optflags to 2, "-a" would set optflags to 8, "-bd" would set optflags to
6 (I.E. 4|2), and "-a -c" would set optflags to 10 (2|8).</p>

<p>Only letters are relevant to optflags, punctuation is skipped: in the
string "a*b:c#d", d=1, c=2, b=4, a=8.  The punctuation after a letter
usually indicate that the option takes an argument.</p>

<p>Since toys.optflags is an unsigned int, it only stores 32 bits.  (Which is
the amount a long would have on 32-bit platforms anyway; 64 bit code on
32 bit platforms is too expensive to require in common code used by almost
all commands.)  Bit positions beyond the 1<<31 aren't recorded, but
parsing higher options can still set global variables.</p>

<p><b>Automatically setting global variables from arguments (union this)</b></p>

<p>The following punctuation characters may be appended to an optflags
argument letter, indicating the option takes an additional argument:</p>

<li><b>:</b> - plus a string argument, keep most recent if more than one.</li>
<li><b>*</b> - plus a string argument, appended to a linked list.</li>
<li><b>@</b> - plus an occurrence counter (stored in a long)</li>
<li><b>#</b> - plus a signed long argument.
<li><b>.</b> - plus a floating point argument (if CFG_TOYBOX_FLOAT).</li>
<ul>The following can be appended to a float or double:
<li><b>&lt;123</b> - error if argument is less than this</li>
<li><b>&gt;123</b> - error if argument is greater than this</li>
<li><b>=123</b> - default value if argument not supplied</li>
<ul><li>Option parsing only understands <>= after . when CFG_TOYBOX_FLOAT
is enabled. (Otherwise the code to determine where floating point constants
end drops out.  When disabled, it can reserve a global data slot for the
argument so offsets won't change, but will never fill it out.). You can handle
this by using the USE_BLAH() macros with C string concatenation, ala:
"abc." USE_TOYBOX_FLOAT("<1.23>4.56=7.89") "def"</li></ul>

<p>Arguments may occur with or without a space (I.E. "-a 42" or "-a42").
The command line argument "-abc" may be interepreted many different ways:
the optflags string "cba" sets toys.optflags = 7, "c:ba" sets toys.optflags=4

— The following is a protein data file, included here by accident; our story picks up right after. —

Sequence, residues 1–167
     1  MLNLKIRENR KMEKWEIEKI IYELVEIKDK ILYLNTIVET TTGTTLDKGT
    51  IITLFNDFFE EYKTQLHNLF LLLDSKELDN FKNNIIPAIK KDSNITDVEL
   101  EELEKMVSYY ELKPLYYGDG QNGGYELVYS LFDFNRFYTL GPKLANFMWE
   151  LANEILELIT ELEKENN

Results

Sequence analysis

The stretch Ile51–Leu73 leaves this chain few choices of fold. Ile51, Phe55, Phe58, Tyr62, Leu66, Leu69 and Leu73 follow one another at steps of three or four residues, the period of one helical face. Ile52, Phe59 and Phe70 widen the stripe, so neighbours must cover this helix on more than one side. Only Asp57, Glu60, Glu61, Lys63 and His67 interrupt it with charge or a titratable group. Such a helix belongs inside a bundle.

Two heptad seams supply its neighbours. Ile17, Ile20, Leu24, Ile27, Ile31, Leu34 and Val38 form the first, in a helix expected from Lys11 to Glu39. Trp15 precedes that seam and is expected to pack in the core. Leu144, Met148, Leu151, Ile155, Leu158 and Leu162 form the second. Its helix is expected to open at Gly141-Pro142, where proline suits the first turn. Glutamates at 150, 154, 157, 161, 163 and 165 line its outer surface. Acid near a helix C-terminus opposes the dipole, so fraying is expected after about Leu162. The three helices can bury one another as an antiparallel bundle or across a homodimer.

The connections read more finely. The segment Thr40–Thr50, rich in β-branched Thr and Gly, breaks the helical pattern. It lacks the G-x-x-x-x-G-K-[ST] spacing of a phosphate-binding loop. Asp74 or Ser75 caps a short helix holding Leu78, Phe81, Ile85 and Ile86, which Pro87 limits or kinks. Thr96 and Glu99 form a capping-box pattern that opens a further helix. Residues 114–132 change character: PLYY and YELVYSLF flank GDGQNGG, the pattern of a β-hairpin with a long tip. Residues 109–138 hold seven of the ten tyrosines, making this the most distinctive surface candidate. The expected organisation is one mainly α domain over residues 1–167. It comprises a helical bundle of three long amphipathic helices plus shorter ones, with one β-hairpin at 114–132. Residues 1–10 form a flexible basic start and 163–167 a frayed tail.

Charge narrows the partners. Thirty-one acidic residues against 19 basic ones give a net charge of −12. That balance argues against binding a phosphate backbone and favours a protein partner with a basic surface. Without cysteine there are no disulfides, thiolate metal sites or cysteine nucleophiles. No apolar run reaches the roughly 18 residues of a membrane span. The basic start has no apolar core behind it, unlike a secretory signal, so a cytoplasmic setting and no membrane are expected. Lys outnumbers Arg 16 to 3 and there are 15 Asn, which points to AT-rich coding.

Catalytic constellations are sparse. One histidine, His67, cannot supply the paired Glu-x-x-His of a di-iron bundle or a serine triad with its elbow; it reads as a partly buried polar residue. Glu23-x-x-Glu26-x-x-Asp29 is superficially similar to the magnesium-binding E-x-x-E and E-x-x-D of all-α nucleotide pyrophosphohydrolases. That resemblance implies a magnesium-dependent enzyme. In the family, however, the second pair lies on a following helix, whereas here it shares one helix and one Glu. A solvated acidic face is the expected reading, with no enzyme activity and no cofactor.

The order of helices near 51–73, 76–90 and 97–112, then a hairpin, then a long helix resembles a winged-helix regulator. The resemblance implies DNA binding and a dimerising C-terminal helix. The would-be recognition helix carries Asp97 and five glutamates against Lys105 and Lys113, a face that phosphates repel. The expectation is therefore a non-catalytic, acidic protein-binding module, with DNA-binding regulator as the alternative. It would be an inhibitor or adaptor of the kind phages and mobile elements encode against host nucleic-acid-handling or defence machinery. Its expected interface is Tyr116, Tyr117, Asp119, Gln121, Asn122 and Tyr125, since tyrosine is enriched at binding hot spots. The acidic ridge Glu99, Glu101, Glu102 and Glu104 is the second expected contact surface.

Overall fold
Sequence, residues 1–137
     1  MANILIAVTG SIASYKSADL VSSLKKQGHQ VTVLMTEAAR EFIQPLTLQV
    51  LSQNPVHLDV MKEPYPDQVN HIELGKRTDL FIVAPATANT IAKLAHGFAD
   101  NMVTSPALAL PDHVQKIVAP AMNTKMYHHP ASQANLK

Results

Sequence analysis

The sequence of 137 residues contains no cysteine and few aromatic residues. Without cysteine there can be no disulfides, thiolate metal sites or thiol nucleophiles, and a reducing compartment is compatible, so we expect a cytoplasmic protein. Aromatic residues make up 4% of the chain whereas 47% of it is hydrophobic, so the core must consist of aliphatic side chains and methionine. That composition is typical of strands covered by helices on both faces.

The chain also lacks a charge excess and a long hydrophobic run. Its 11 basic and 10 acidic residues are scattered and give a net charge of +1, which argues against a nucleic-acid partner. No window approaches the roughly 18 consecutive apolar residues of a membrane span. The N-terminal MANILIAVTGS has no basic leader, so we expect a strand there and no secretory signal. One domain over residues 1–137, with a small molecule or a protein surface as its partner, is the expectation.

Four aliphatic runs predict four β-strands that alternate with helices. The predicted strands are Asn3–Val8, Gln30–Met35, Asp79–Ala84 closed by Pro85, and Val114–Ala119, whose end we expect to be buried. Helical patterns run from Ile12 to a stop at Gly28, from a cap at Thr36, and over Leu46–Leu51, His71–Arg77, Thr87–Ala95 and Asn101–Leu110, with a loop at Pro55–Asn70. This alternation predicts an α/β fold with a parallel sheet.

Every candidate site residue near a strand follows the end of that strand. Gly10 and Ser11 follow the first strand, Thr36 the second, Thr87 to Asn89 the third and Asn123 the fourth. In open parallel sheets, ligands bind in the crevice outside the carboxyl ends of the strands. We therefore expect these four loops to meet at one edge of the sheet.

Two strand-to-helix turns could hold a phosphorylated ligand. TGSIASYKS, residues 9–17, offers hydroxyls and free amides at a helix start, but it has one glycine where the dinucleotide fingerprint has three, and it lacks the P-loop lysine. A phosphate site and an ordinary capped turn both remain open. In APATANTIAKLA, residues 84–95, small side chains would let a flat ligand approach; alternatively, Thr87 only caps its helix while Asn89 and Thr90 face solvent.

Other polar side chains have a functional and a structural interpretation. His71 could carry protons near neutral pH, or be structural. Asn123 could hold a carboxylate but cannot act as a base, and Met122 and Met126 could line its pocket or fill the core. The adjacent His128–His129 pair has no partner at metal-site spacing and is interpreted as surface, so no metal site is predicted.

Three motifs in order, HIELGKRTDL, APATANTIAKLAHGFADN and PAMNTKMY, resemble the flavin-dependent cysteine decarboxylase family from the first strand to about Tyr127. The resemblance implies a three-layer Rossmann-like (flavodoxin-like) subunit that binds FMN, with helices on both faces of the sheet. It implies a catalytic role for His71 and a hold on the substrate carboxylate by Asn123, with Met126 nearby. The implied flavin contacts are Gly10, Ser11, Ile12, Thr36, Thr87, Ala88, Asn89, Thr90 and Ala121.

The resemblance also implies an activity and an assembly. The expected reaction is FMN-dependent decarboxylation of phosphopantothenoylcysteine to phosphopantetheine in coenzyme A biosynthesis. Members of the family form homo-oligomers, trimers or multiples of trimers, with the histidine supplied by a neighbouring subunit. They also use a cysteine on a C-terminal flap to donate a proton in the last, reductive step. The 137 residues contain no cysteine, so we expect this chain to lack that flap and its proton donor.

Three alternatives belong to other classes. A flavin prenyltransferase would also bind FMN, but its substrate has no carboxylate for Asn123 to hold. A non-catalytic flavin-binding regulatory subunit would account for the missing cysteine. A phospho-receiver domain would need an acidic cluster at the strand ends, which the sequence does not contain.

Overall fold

and saves "ba" as the argument to -c, and "cb:a" sets optflags to 6 and saves
"c" as the argument to -b.</p>

<p>Options which have an argument fill in the corresponding slot in the global
union "this" (see generated/globals.h), treating it as an array of longs
with the rightmost saved in this[0].  Again using "a*b:c#d", "-c 42" would set
this[0]=42; and "-b 42" would set this[1]="42"; each slot is left NULL if
the corresponding argument is not encountered.</p>

<p>This behavior is useful because the LP64 standard ensures long and pointer
are the same size. C99 guarantees structure members will occur in memory
in the same order they're declared, and that padding won't be inserted between
consecutive variables of register size.  Thus the first few entries can
be longs or pointers corresponding to the saved arguments.</p>

<p><b>char *toys.optargs[]</b></p>

<p>Command line arguments in argv[] which are not consumed by option parsing
(I.E. not recognized either as -flags or arguments to -flags) will be copied
to toys.optargs[], with the length of that array in toys.optc.
(When toys.optc is 0, no unrecognized command line arguments remain.)
The order of entries is preserved, and as with argv[] this new array is also
terminated by a NULL entry.</p>

<p>Option parsing can require a minimum or maximum number of optargs left
over, by adding "<1" (read "at least one") or ">9" ("at most nine") to the
start of the optflags string.</p>

<p>The special argument "--" terminates option parsing, storing all remaining
arguments in optargs.  The "--" itself is consumed.</p>

<p><b>Other optflags control characters</b></p>

<p>The following characters may occur at the start of each command's
optflags string, before any options that would set a bit in toys.optflags:</p>

<li><b>^</b> - stop at first nonoption argument (for nice, xargs...)</li>
<li><b>?</b> - allow unknown arguments (pass non-option arguments starting
with - through to optargs instead of erroring out).</li>
<li><b>&amp;</b> - the first argument has imaginary dash (ala tar/ps.  If given twice, all arguments have imaginary dash.)</li>